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(Paul Fraughton | The Salt Lake Tribune) Arielle Martin’s husband, Mike Verhaaren, has been supportive of her BMX career. Martin was injured in her final training session on the day before she was set to leave for London.
Olympics: Arielle Martin missed as U.S. BMX prepares for competition
Olympics » Utahn still hospitalized with lacerated liver, but expected to make full recovery.
First Published Aug 04 2012 10:25 am • Last Updated Nov 30 2012 11:31 pm

London • Back in San Diego, somewhere in a stack of cards offering condolences and well wishes, there’s one with Justin Bieber’s face on it.

When Arielle Martin opens it up, the mop-headed teen idol croons "Born to Be Somebody" at her.

At a glance

Moving forward

» Cedar Hills native Arielle Martin will not compete in BMX at the Olympics after suffering serious injuries during her final training session in Chula Vista, Calif.

» Martin was replaced by 19-year-old Californian Brooke Crain.

» Martin missed the 2008 Olympics, as well, after a qualifying run crash.

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Brooke Crain hoped it would make the injured Utah BMX racer laugh.

"She always joked around with me because I love Justin Bieber," Crain said.

Anything to make Martin smile.

The Cedar Hills native and Lone Peak High School graduate suffered severe injuries, including a lacerated liver and collapsed lung, during a crash on her last day of training in Chula Vista, Calif., on Wednesday. It knocked the 27-year-old out of what would have been her first Olympic Games.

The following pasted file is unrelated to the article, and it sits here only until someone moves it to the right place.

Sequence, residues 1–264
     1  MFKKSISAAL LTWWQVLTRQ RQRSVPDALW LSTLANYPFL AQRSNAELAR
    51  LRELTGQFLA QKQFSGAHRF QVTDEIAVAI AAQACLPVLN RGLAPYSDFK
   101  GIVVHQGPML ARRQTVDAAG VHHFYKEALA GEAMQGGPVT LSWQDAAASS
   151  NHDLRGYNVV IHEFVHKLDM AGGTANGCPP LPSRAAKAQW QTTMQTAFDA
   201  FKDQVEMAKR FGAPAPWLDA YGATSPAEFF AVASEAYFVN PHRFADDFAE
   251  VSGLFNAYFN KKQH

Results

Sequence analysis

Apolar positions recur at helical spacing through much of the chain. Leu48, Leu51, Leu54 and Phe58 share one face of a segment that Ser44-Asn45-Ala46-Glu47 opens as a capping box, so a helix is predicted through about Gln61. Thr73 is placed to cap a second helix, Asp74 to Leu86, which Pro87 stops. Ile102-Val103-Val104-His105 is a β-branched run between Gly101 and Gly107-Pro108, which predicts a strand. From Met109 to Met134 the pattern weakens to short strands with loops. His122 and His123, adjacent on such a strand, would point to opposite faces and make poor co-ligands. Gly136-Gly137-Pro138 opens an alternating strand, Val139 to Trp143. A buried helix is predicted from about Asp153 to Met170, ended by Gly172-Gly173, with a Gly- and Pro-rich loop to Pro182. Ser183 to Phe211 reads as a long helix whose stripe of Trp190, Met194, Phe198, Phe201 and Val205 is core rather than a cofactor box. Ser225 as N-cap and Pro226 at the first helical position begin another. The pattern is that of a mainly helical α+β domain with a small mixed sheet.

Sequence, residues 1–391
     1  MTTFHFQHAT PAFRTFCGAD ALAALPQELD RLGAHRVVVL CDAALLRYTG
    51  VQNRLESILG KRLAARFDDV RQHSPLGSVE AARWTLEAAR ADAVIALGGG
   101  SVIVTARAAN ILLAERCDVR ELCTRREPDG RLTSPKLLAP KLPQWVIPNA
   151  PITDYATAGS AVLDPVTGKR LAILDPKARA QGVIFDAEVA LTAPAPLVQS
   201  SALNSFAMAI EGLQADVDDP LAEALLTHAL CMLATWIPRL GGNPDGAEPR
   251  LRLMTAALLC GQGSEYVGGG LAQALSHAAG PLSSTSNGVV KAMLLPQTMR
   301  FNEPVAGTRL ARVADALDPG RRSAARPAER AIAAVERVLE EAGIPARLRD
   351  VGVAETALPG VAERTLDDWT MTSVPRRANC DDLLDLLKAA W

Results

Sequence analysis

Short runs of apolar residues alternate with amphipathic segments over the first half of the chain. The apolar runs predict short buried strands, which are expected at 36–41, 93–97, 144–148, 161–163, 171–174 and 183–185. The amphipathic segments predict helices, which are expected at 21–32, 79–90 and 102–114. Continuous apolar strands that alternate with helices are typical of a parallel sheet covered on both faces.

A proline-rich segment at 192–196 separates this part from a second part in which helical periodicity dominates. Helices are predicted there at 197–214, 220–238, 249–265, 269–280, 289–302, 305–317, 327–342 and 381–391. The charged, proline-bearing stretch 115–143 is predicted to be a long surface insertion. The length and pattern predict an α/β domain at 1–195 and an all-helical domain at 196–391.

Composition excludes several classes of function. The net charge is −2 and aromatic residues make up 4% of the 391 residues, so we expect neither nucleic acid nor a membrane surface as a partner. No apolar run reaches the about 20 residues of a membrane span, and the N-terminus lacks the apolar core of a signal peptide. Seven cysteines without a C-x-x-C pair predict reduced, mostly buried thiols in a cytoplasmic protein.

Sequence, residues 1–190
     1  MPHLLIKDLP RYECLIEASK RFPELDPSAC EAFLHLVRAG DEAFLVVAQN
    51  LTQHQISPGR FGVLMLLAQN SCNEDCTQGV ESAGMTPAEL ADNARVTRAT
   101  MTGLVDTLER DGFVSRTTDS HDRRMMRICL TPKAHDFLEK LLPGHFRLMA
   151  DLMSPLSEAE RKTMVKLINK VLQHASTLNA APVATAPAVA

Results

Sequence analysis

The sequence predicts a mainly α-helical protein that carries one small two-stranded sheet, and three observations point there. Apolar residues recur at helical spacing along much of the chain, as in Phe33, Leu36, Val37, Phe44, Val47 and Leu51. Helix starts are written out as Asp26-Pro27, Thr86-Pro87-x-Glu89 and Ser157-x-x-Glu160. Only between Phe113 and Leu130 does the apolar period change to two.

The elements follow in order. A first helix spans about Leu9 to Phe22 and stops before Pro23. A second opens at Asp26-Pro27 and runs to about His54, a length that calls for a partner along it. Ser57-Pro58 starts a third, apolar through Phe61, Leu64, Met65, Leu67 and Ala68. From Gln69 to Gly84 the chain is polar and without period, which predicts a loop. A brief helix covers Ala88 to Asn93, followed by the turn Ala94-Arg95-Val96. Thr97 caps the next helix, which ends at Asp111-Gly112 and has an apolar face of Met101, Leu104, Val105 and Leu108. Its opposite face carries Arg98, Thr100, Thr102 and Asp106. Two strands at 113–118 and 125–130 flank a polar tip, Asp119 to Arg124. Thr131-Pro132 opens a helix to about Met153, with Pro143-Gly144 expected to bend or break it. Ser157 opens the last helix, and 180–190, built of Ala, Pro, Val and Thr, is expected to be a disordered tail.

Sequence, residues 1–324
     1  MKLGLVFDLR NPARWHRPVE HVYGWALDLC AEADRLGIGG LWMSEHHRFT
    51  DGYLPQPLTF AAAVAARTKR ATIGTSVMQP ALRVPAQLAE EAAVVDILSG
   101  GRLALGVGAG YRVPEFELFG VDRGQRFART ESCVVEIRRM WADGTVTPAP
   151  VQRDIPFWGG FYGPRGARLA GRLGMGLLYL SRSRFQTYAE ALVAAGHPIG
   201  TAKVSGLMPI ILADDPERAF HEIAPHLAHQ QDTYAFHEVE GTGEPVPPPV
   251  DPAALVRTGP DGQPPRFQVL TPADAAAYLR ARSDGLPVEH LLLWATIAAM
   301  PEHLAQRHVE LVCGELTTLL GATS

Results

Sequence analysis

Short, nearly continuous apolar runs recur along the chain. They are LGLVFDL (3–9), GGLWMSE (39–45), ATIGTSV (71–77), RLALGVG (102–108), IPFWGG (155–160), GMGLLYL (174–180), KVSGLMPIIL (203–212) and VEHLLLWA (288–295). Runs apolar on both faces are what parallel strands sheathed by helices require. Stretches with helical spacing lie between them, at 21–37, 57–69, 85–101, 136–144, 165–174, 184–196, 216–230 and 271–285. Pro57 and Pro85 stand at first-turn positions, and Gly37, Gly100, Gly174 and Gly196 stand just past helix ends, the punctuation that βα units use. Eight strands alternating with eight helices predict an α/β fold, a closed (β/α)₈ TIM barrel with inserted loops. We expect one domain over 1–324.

According to a post from her husband on Martin’s Facebook page, she is expected to make a full recovery.

Crain, 19, was the alternate on the U.S. BMX team and replaced Martin. Before leaving, she said, she left the card on Martin’s bed.

"I just told her to keep her head up and this race is for her," Crain said.

The BMX begins seeding runs on Wednesday, and the five-person American team’s focus is on competition. But Martin still weighs heavily on her teammates’ minds.

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"It still stings a little bit to talk about it," USA Cycling BMX program director Mike King said, "just because I know she worked so hard."

It was the second devastating blow to Martin in a quest for the Olympics, after she missed a spot in Beijing in 2008 due to a crash in the quarterfinal round of a qualifying event.

"It’s heartbreaking to see that story," said Alise Post, the other woman on the U.S. team. "You never want anybody to go out that way. At the same time, we’re all moving forward."

Crain was called into unexpected duty due to Martin’s injury. As the alternate, she had planned a trip to London already, but said she had no nerves and planned to focus on qualifying for the Olympics in 2016.

She said the short notice actually was beneficial, but it will be strange to be there without Martin, one of the program’s stalwarts.

"She’s always been a leader to us," Crain said. "We’ve always all looked up to her because she’s older, she has more experience. I know how much she wanted it and now how much of a heartbreak it is."


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